A couple of weeks ago [in a Financial Times review], Alastair Macaulay offered a cynical guide to writing a play for the Royal Court Theatre Upstairs. A few miles away in Soho, Lin Coghlan's Mercy follows this guide at least as closely as Alastair's subject, Simon Stephens' Country Music. In fact, Mercy is in many respects Country Music only soggier, in every sense.
It's night, somewhere on the Kent marshes. Three teenage South-East London toughs have been dumped out there by some bigger lads that they crossed. Elsewhere in the vicinity, the social worker of one of them is suffering a drink-and-memory-fuelled breakdown, and an apocalyptically-minded "army cadet" has broken his 15-year-old girlfriend out of her care home. It rains. A lot. In fact, it floods, and they all converge on the same barn, and then on its roof. (Hayden Griffin's design incorporates the almost obligatory Soho ingredient, a large plane surface that can be fixed at a variety of angles.) Also involved, in increasing order of impenetrable symbolism, are a baby, a girl impaled on a fence post, a chicken and a sackful of dried monkeys.
So, the six people talk: first in smaller groups, or to themselves, or straight out at the audience, then eventually they converse as a single collective. And we hear about violence, and sex, and crime, and death, and despair, and mental problems of various kinds, and... oh, you know, the usual. But where Stephens at the Court allows all his most telling points to seep up through the gaps between the lines, Coghlan has nothing seeping but imaginary rainwater.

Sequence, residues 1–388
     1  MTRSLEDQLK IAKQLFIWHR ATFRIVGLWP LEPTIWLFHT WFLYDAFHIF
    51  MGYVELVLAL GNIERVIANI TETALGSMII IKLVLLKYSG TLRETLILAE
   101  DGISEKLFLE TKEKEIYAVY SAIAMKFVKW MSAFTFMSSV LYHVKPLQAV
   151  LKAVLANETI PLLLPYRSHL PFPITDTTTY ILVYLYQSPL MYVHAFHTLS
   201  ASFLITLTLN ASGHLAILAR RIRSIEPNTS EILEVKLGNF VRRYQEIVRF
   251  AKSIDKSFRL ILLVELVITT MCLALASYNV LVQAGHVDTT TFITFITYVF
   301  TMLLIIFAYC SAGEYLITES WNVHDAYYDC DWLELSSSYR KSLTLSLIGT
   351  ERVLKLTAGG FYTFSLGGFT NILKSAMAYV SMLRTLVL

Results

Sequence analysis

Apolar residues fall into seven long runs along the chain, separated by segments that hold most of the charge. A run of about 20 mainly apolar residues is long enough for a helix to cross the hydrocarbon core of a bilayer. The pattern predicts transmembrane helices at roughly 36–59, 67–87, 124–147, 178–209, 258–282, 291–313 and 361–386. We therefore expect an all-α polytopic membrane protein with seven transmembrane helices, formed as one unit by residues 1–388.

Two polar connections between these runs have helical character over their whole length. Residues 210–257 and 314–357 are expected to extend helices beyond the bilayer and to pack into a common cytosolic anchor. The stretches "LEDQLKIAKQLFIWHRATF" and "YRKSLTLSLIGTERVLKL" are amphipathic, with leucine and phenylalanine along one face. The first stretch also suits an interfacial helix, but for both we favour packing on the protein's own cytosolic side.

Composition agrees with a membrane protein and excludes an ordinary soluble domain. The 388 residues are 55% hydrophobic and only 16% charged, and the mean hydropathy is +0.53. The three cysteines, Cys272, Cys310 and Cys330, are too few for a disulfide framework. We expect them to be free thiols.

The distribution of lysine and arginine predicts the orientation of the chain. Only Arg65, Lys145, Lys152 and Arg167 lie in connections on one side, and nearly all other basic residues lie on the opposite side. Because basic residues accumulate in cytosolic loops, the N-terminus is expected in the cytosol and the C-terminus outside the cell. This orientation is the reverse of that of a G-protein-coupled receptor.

It's a bit of a con, too. What with the impalement, a crashed car, the rain, the darkness, strange noises and glows in the sky, and Terry's fixation with nuclear or chemical attack, there are many early hints of dystopian future-shock. But no, this is just our world and an ordinary flood. Maybe that's part of the point – everyday apocalypse – but it's hard to care one way or the other. The strange white fallout that supposedly settles on the characters turns out to be debris from a destroyed polystyrene factory. There's another symbol in there, methinks.
Written for the Financial Times.
Copyright © Ian Shuttleworth; all rights reserved.
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